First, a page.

Genome Sequencing for Healthy Individuals? Think Big and Act Small!Posted on by
In a 2013 blog post, we asked the question: “When should we all have our genomes sequenced?”
At that time, we concluded that the time is not right and that “if we want to use whole genome sequencing in the course of regular preventive care and health promotion, research should be conducted to evaluate its benefits, harms and added value to what we are currently doing.”
A lot has happened since 2013. Several global initiatives have invested heavily in precision medicine projects, featuring, among other things, genome sequencing of individuals in the population or health systems. Examples of such initiatives in the United States include All of Us precision medicine initiative, Cancer Moonshot, and Million Veterans Program. Several health care systems, such as Kaiser Permanente in Northern California, and Geisinger Health System in Pennsylvania are currently collecting, and making use of genomic and other types of data from populations in their system catchment areas. The United Kingdom’s National Health Service has the 100,000 Genomes Project, a bold multi-year initiative to transform U.K. biomedical research and clinical care. It seems likely that these programs will lead to new insights into the genetic underpinnings of disease pathogenesis as well as patient and population health management.
So what is the state of clinical practice in 2017? The Journal of American Medical Association recently launched a new insights series on “Genomics and Precision Health,” consisting of brief educational articles to help nongeneticist clinicians overcome knowledge barriers related to genomics and gain a better understanding about its clinical applications. In the first article of the series, Dr James Evans and his colleagues discuss whether or not routine genome sequencing of healthy individuals can lead to the discovery of clinically relevant and actionable information. While current technology allows us to sequence the entire human genome, doing so for healthy people currently has no clear health benefit. The authors state, “Simply because it is possible to sequence entire human genomes does not mean its broad application in the healthy is a good idea – at least not yet.”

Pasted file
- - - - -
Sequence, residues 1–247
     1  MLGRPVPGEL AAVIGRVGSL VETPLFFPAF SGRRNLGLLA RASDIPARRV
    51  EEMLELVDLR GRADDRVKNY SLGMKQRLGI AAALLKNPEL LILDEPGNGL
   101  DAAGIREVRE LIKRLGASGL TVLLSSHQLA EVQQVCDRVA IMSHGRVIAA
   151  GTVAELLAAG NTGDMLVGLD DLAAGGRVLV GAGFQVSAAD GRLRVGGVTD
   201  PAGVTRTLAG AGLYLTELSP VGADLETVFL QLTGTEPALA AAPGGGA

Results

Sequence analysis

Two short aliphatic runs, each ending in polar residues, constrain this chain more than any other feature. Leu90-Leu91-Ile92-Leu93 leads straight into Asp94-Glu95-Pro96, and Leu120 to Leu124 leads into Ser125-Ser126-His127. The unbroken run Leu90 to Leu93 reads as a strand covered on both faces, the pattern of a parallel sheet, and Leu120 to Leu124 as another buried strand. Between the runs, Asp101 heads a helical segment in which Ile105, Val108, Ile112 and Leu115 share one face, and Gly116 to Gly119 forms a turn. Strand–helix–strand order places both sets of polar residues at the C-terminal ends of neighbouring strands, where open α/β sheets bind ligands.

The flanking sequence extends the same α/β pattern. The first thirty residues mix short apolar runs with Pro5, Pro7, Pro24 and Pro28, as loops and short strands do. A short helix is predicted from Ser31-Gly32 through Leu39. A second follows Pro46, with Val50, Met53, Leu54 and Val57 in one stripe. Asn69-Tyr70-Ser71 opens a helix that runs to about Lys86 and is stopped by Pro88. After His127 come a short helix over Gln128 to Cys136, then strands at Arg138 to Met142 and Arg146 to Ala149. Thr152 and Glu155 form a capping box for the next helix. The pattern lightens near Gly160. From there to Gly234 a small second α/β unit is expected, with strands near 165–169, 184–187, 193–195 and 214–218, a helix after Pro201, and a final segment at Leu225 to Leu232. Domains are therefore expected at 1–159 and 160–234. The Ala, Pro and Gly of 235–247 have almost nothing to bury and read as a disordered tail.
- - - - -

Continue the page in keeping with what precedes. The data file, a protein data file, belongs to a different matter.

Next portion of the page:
Sequencing human genome is a hugely multiplexed assay yielding millions of genetic variants. It is critical that those thought to be potentially important to health be interpreted for their relevance to disease in the context of other information, including disease status and other nongenetic factors such as diet and medication use. In spite of our recent efforts in research and curation (e.g. ClinGen initiative), our current understanding of the vast majority of genetic variation in humans remains severely limited. Exome or whole genome sequencing of healthy people is not consistent with a fundamental tenet of clinical practice and population screening, namely to refrain from acquiring uninterpretable or potentially misleading information.
In the meantime, Evans et al, suggest that we “think smaller,” proposing a rigorous scientific evaluation of targeted genome sequencing of healthy adults instead of whole genome sequencing. In fact, about 1-2% of the U.S. population carries genetic mutations with high risk of preventable common conditions such as cancer and heart disease. We have written about some of these conditions before, notably familial hypercholesterolemia, hereditary breast and ovarian cancer, and Lynch syndrome, which collectively affect more than two million people in the United States. Recent studies (see examples, here and here) have shown that these conditions are more common than previously thought and may not be adequately ascertained by healthcare providers. Thus, many affected people and at risk relatives are not undergoing recommended interventions that can prevent early deaths from cancer or heart disease.
In January 2017, CDC held a special workshop to discuss targeted genome sequencing of healthy individuals beyond the newborn period, and the importance of public health-healthcare partnerships to explore models of evaluation and implementation. Such an exploration is currently occurring under the auspices of the National Academies “Genomics and Population Health Action Collaborative.” The Collaborative is an ad hoc activity of the Roundtable on Genomics and Precision Health and currently convenes more than 40 key stakeholders with an interest in and commitment to integrating genomics in existing population health programs for health improvement. A Population Screening Working Group led by Dr. James Evans and Mike Murray from Geisinger Health System is designing a framework that will provide the rationale and corresponding evidence for the implementation of large-scale genomic sequencing programs in healthy adult populations. The group will address selection of genes, analytic challenges, return of positive and negative results to participants, workforce and educational needs, and economic considerations. The group will explore current evidence gaps in order to identify important unanswered research questions in this space.
Moving forward, it is imperative that we collect clinical and population data to assess the utility of genome sequencing in healthy individuals, and explore ethical, policy and infrastructure issues related to responsible adoption of this powerful technology. In 2017, we should think big but act small, using the best evidence currently available.
As always, we appreciate the comments and input of our readers.